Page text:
While I pondered dope and freaks we watched the skate boarders. There manner of sharing the park with each other had an indecipherable etiquette. There were nods and looks and body language sorting out the right-of-way analogous to a pack of dogs. Burt’s explained the system for surfing and I hope someday I’ll be good enough to try it out. A surf wave is pretty straight forward; Everyone surfs in the same direction. Skate boarders were crowded and going in seemingly random directions doing random tricks. Beautiful.
We overheard some kids talking about finding a “spot” to play music. We asked them if they knew the rules. They had their medical marijuana cards and could not provide clear instruction. We got the idea that it might be free and you might need a card from the police. Burt and I decided to try to play by the rules so we wandered over to the conveniently located police station. The very helpful guys there said we could play for free if we had nothing to sell. Good thing we haven’t released our cd yet. We also had to display a yellow card that said people were under no obligation to give us money. They said we were supposed to play in a specific area along the boardwalk. Burt asked, “Can we play in the grass?” The officer said, “We discourage that, but you can.” We probed a little more and each of us concluded that if you are white, middle aged and fairly clean, you can play in the grass. Of course this was an unspoken conclusion that we shared with each other later. We think the police of Venice Beach are hoping to attract more performers like us.
We took our yellow placard, collected Elvis and our instruments and went to find a “spot.” We had left Elvis in the car to guard our instruments while we were on recon. As usual he did an exemplary job. Since we were slow in sussing everything out all free “spots.” were occupied. We decided to play next to the basketball courts. I think I liked the ambiance because I spent time on the side of a court watching my dad play when I was a kid. I think these guys would have kicked my dad’s ass. No offense dad. So we tuned up and got playing.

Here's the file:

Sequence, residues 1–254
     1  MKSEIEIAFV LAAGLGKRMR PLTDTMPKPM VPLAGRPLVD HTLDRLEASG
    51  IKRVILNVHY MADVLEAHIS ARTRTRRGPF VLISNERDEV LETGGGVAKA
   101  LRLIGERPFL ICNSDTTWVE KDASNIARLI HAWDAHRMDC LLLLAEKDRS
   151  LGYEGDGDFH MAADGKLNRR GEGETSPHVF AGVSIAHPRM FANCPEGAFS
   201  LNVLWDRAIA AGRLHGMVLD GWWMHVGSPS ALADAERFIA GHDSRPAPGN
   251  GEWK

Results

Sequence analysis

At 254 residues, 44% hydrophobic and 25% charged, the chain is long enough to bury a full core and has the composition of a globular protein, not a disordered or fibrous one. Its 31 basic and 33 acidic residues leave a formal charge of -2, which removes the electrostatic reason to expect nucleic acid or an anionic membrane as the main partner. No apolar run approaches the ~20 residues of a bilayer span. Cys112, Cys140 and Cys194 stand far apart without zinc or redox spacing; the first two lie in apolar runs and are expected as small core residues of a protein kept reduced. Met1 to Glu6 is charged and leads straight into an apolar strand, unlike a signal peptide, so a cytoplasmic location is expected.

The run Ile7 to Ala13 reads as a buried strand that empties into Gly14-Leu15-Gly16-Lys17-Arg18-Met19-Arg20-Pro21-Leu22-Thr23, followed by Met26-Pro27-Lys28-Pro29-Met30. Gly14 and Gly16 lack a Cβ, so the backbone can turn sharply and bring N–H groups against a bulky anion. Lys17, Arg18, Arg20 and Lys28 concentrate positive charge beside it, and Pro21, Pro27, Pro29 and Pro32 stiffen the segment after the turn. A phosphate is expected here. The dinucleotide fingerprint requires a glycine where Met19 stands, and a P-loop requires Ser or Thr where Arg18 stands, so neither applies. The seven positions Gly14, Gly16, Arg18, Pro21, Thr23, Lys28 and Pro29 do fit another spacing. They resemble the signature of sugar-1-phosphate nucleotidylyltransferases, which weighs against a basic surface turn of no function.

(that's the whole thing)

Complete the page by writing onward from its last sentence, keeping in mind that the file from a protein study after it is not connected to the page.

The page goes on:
We weren’t in quite the right area for our type of music. Most of the bball watchers kept their headphones on. Nevertheless we had some diehard fans. Right off a young guy hears us doing Wagonwheel and stops to listen and sing along. He had a rough night. He either fell on his head or was bludgeoned. There were 6 stitches over his left eyebrow and a gold ball sized swelling on his cheekbone. His clothes were ragged and his hair dirty but his smile was sweet. He waved over another street kid and said listen, listen this is a great song. When it was over he sincerely thanked us and started to head on. He turned around dug in his pocket and gave us a quarter. I teared up. The officer that helped us out swung by gave a nod and turned to watch the basketball.
An Asian man listened for quite a while and also thanked us for playing and threw in a couple of bucks. Another street kid dumped in all her change. Most people smiled or waved. I really enjoyed mindlessly playing fiddle tunes and watching the crowd. The songs were more difficult because of the activity. During Put the Blame on Mame a flock of seagulls (not the band) came in low, cackled and pooped right on me. I’m sure it was a compliment. After 2 hours of playing we had seen what we wanted to see and we had $4 in the case, it was time to go home.